[Published 18 June 2015]
The Boycott Divestment and Sanctions campaign (BDS) instituted in 2005 by “Palestinian civil Society” against Israel and its civil society continues to attract people from all around the world—including Jews and Israeli Arabs - who support the campaign without realising its genocidal objective.
The BDS manifesto makes clear that its punitive measures are to be pursued until Israel ends:
“its occupation and colonization of all Arab lands”
These are code words effectively calling for Israel’s destruction since:
1. According to the PLO: "Israel is the homeland of the Arab Palestinian people; it is an indivisible part of the Arab home land, and the Palestinian people are an integral part of the Arab nation."
2. According to Hamas: "Israel is an Islamic Waqf throughout the generations and until the Day of Resurrection, no one can renounce it or part of it, or abandon it or part of it."
Those who have:
1. boycotted theatre performances by Israeli groups in Barcelona,
2. stripped supermarket shelves of Israeli food products in London,
3. marched in South Africa to protest Woolworths stocking Israeli made goods or
4. protested outside Max Brenner outlets in Sydney
are actually supporting a racist campaign that calls for the total elimination of the Jewish State.
However the European Union (EU) — mindful of the Jew-hatred endemic in the BDS campaign - yet anxious to appease its Arab trading partners and burgeoning Arab populations within its member countries — has targeted only the West Bank — presently working to enact measures requiring Israel to label products coming from Jewish settlements there - following guidelines established on 18 July 2013.
These EU policy initiatives are ostensibly based on the 1980 Venice Declaration — which stressed that:
1. Israel needed to end its territorial occupation of the West Bank
2. Israeli settlements constituted a serious obstacle to the peace process in the Middle East.
3. Jewish settlements established there - as well as modifications in population and property — were illegal under international law.
The EU position on the illegality of those Jewish settlements has now been totally discredited following the recent decision by Norway’s largest pension fund — KPL - to sell its shareholdings in Heidelberg Cement AG and Cemex SAB de SV - whose two Israeli subsidiaries are currently operating quarries established after 1967 in Area C of the West Bank.
Under the 1995 Oslo Accords Israel has sole civil and security control in Area C — comprising 60% of the West Bank where no more than 4% of the West Bank’s Arab population currently lives.
KPL first sought advice on the legal situation pertaining in the West Bank from the Oslo-based International Law and Policy Institute (ILPI) - an independent institute focusing on good governance, peace and conflict, and international law.
The advice completely refutes the EU’s long held position.
Senior ILPI Partner Gro Nyusten — former Norwegian Foreign Affairs staffer, former Associate Professor of International Humanitarian Law/the Law on Armed Conflict at the University of Oslo, from 2008 Associate Professor at the Defence Staff University College in Oslo and former chair of the Council on Ethics of the Norwegian Government Pension Fund Global — advised KPL that:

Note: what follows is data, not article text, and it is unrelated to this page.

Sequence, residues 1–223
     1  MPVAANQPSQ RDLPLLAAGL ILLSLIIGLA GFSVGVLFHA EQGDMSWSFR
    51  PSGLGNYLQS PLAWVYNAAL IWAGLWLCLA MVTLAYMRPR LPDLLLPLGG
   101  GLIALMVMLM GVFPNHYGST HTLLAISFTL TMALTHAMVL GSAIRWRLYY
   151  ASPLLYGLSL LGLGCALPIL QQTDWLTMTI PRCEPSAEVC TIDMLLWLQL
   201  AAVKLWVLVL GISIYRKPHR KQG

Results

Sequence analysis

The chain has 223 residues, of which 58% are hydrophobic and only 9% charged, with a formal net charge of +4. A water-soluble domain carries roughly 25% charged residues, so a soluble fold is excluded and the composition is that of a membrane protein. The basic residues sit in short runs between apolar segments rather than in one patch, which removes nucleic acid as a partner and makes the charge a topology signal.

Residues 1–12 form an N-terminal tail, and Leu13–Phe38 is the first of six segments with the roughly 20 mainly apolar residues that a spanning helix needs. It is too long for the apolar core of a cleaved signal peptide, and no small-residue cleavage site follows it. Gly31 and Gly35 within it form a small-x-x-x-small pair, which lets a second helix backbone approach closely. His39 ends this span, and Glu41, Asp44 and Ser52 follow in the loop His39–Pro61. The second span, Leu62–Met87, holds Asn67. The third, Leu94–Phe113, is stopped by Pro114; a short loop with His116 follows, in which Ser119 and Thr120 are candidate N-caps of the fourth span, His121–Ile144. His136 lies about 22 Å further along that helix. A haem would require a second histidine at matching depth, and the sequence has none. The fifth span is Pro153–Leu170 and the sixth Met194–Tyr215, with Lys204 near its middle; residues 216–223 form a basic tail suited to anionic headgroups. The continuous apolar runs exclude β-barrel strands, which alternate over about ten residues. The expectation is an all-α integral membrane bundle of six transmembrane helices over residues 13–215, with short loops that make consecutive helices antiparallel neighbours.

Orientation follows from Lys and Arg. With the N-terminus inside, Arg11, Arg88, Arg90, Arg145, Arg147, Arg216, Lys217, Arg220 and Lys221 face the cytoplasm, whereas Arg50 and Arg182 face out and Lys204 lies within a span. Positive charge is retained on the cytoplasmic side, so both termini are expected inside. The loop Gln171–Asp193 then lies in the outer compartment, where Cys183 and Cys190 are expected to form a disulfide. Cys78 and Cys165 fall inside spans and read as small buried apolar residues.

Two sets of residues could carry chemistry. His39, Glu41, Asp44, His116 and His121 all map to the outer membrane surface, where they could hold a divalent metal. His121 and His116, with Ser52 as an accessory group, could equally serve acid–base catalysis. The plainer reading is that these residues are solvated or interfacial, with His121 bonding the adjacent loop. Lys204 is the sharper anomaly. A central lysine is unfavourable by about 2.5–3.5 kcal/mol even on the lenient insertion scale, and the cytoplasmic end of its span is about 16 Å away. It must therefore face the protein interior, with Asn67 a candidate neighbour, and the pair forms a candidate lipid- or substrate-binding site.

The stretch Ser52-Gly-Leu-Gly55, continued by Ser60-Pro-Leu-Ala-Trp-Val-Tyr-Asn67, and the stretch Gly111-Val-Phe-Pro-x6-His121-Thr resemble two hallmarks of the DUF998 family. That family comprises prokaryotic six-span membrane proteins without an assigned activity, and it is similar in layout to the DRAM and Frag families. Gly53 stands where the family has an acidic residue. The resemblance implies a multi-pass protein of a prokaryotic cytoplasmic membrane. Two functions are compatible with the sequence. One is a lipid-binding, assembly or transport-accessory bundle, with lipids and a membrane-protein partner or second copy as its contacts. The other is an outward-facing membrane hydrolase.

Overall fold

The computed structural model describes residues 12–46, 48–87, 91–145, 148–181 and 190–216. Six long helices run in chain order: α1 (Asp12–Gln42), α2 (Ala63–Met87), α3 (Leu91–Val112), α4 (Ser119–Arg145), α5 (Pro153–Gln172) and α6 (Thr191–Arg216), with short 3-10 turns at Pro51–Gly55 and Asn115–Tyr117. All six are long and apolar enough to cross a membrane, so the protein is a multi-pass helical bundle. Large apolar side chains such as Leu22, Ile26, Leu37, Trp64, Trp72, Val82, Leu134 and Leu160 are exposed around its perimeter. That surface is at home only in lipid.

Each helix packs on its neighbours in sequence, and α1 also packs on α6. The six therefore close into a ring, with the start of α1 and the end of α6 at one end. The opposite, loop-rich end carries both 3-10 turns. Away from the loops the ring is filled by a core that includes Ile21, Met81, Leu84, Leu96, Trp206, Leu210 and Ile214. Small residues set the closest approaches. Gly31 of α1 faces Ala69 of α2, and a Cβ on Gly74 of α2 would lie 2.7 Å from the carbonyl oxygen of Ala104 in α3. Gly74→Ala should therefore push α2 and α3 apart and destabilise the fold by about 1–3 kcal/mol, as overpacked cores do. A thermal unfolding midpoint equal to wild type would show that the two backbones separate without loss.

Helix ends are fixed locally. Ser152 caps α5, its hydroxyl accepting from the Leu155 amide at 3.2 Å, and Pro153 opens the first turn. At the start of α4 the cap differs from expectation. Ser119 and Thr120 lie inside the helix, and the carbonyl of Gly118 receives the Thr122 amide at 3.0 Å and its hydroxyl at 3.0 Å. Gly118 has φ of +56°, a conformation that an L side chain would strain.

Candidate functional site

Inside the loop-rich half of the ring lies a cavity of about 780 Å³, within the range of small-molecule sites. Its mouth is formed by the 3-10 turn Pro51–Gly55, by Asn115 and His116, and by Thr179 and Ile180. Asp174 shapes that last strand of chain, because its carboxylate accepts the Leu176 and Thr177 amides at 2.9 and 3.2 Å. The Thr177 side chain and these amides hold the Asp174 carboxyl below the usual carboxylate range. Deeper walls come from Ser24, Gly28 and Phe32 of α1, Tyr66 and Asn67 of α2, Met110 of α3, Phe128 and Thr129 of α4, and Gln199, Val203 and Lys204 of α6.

1. international law does not provide “unambiguous answers”
2. it was “highly probable” that the operation under Israeli licence of the subject quarries was inconsistent with the requirements of the law of belligerent occupation
3. a case on quarrying activities in Area C went all the way to the Israeli Supreme Court - but was rejected because the court concluded that it raised issues that could only be resolved through political channels and not through the court
4. Occupation law did not prohibit Israel from making use of real property - but Israel’s role was restricted to that of a caretaker that must restore such property to the “occupied power” once the conflict has ended. Significantly Ms Nyusten failed to identify that the “occupied power” was Jordan - whose annexation of the West Bank in 1950 was declared illegal by every country except Great Britain and Pakistan.
5. The issue of whether Israel was entitled to open new quarries which did not exist before 1967 — was “controversial”.
6. The 1995 Oslo Accords (Oslo II) “presume” the ultimate transfer of Area C from Israeli to Palestinian control through so-called final status negotiations. Ms Nyusten however did not point to any provision in the Oslo Accords that supports this “presumption”.
Ms Nyusten’s legal opinion also failed to consider two territory-specific provisions in international law sanctioning the right of Jews to live in the West Bank for the purposes of reconstituting the Jewish National Home there — article 6 of the Mandate for Palestine and article 80 of the United Nations Charter.
In the end KPL — faced with no definitive international law to justify its decision to disinvest - concluded:
“that the ethical arguments carry the heaviest weight in this case”.
Ethics are not law.
EU decisions supposedly based on judicially determined principles of international law were exposed as myths that can no longer be legally or politically sustained.
The BDS hoax is set to swallow many more well-intended people into its Jew-hating vortex.
The EU could suffer a similar fate with the introduction of its labelling policies — no longer being able to rely on non-existent international law to camouflage that decision — whilst opening itself to the charge it is supporting a genocidal campaign designed to dismantle the Jewish State.
Common sense will hopefully prevail.